I walked around the busy streets of downtown Florence today. The hot, sticky air followed me everywhere. To find respite, I ducked into a building, which I realized was a church. There were no signs hanging outside and no tourists walking around inside. I sat down in one of the wooden chairs and took in my surroundings. The church doesn't have a crucifix above the altar and is not very well-lit. The pièce de résistance is a tabernacle with the Madonna col bambino.
I found more than soothing air in the church, but also a sense of relief. The church, which I found out was named "Orsanmichele", is like a small hidden treasure in Florence.
I leave the church only to go back outside where I once again feel out of place. I'm not a tourist as I have no map, no itinerary, no camera, and no guide book. However, I don't really live here because I'm not in a place that I can call home. I live in someone else's apartment with a bunch of strangers.
I practically live out of my suitcase and maybe that's what makes me feel so unsettled: I have no place to put my things. There's a dining room buffet in my bedroom filled with dishes, glasses, towels, and sheets. A bookshelf stands next to the door in my room with little knick-knacks and books on it. I'm thinking of asking to move a few things because I'll be here at least three more weeks.
I use a chair as a desk to put my computer on even though I have to sit on the marble floor to work. I can never work on my computer as the floor is so cold it burns. Without the Internet and work, I don't have much to do on it anyway, so it's not a huge issue for me.
I walked around the streets aimlessly, looking at the buildings as if they were each a piece of art. It looks like someone had to create a plan to build each building as on one street each one seems to look different from the next one.
I prefer to go into the larger, more anonymous department stores, like La Rinascente and Coin. I get to walk around without having to interact with anyone. The other day when I walked into a small clothing shop on via Cavour, an impeccably dressed girl came up to me and asked me something. I responded, "No, grazie." I have no idea what she asked me, but I figured that might be a good way to just be left alone. I looked at her just long enough to see how she looked like she just put on her make-up, got out of the hair dresser's and hadn't been outside in the heat for one second.
The woman followed me around while talking softly to one of her colleagues who looked as perfect as she did. When I stopped at one rack, she also stood still a few feet behind me. I parted some of the clothes on the rack and looked a little closer at a blouse. "Posso aiutarti?" (Can I help you), she asked me, taking the hanger from me. "No, grazie." I love saying that.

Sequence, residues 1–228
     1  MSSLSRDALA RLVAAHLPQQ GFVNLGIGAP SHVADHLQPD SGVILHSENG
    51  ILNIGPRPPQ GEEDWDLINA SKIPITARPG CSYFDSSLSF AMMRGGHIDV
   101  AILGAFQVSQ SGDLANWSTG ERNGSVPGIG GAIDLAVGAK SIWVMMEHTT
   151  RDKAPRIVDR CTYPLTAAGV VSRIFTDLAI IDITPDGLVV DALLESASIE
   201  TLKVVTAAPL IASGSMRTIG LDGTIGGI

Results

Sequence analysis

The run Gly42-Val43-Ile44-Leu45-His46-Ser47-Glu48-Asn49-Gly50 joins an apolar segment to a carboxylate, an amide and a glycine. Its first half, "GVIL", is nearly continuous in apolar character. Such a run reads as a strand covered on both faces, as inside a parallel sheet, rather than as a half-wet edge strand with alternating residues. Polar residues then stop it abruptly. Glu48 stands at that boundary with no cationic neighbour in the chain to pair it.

I walked out empty handed and realized that I needed to learn more Italian. I've been trying to talk to myself in Italian all day, but I had to look up too many words to complete one full sentence in my head. I wrote down all the new words that I found today, like negozio (store), chiesa (church), marciapiede (sidewalk), fare le spese (go shopping), vetrina (store window), and camicetta (blouse).
I refuse to speak to anyone in English. I know that I could get by with hand gestures, smiles, a few words in English, and lots of smiles. But, I am adamant about speaking Italian. I'd rather not say anything or say something incorrectly in Italian than fall back into English. If I go back to English, which would be so easy, who knows if I'll ever be ready to speak Italian?
I walked past a few places that showed off large deep-dish rectangular pizzas, but I wasn't impressed. I decided that I'd try to find a small restaurant and eat alone. Some place where I can look at a menu and if I'm not understood, I can always point.
I also didn't want the stress of standing in one of those self-service places where you have to ask for what you want and can't just pick it up and put it on your tray. Besides, who knows what the quality of food is like.
I also refuse to eat anywhere where people are standing at the door trying to talk you into coming in to eat. The last time I saw people like that was in San Francisco near Chinatown where a few men in suits called out to the passing men and women, "Live nude dancers."
I remembered that I saw a Chinese restaurant off of via Cavour. The two red lanterns hanging outside the front door were a dead giveaway.
Chinese food always makes me feel at home and maybe that's what I need. My mom, who is Chinese, used to cook it for us when she wasn't working and take us out to eat at Chinese restaurants on special occasions.
When I got out of the restaurant after my meal, the city seemed as drowsy as I was. Many of the shops were closed and I crossed even fewer people while walking the streets.
I felt great relief when I got back to the apartment. It was the first time I felt the darkness was actually a plus. Between the lack of sunlight coming into the apartment and the marble floor, it felt cool and refreshing. I welcomed the pleasant break from the heat.
I haven't seen anyone that I live with all day. The apartment is so quiet that I doubt that anyone is even home. Although it's hard to tell since we have to continually lock the door when we arrive and when we leave. I plopped on my bed to take a short nap.
I will be continuing to write about my arrival to Florence back in 1997 and will preface them with "Flashback" in the title.
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